Obviously, there have been developments, but the most important was the changing face of leisure travel.
In the mid-1970s, most people travelled no further than Majorca or Torremolinos for their holidays. Today, significant numbers travel abroad several times a year with Thailand and the Caribbean almost as commonplace as Spain was. Even hens and stags migrate as far as Budapest for their weekends.
These changing attitudes to leisure travel led incentive travel houses to offer new destinations and experiences in order to exceed participants' expectations. This used to be fairly simple. An oil company might take its dealers to the Monaco Grand Prix or a car manufacturer might go to Marbella for the weekend but, before long, participants were looking for exotic long-haul destinations.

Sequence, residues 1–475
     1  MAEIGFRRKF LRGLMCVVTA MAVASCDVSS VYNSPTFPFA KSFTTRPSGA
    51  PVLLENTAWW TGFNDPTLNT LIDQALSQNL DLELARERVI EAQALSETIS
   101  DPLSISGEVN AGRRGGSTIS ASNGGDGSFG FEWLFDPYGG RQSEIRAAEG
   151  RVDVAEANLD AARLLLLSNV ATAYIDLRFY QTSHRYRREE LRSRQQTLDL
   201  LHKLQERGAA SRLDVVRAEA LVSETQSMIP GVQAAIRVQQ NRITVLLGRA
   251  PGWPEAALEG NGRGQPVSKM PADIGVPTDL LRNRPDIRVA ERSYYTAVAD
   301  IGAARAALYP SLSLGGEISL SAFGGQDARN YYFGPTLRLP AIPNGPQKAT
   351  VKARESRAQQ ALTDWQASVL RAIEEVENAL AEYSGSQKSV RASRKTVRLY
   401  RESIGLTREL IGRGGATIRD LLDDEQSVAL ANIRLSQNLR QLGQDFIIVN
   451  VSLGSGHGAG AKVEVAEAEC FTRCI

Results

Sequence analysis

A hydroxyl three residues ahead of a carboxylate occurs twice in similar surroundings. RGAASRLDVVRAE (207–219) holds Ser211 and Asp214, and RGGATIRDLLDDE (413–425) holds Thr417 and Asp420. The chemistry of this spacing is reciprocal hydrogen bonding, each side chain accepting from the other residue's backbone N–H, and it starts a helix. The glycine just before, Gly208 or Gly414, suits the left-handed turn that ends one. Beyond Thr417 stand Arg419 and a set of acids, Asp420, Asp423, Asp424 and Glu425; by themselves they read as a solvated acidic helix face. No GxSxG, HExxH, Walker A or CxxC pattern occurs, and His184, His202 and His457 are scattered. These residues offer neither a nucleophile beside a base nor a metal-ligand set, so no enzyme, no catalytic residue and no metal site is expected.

As the market grew, airlines, hotels and destinations all recognised the business potential of incentive travel and began to focus on it as a sales opportunity. The growth also attracted more specialist suppliers and now we have a mature industry employing people who are dedicated to C&I travel.
So there have been changes. Even so, this industry is still fundamentally the same as it was 30 years ago. It is based on the simple but undeniable fact that travel motivates. The challenge remains to produce events that stay ahead of expectations - although it would, of course, be rewarding to do so in a climate in which clients find it acceptable that event management companies should make a profit.
I look forward to following the expanding horizon and creative solutions produced by the next generation.